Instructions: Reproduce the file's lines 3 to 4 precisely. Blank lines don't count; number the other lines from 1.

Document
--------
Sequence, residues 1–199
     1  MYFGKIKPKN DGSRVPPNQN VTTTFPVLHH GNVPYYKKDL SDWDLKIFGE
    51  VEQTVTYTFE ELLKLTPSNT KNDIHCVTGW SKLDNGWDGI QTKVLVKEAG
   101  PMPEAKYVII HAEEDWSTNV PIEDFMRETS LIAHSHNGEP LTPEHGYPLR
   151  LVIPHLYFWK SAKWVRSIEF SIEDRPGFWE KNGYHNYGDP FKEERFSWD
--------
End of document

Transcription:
    51  VEQTVTYTFE ELLKLTPSNT KNDIHCVTGW SKLDNGWDGI QTKVLVKEAG
   101  PMPEAKYVII HAEEDWSTNV PIEDFMRETS LIAHSHNGEP LTPEHGYPLR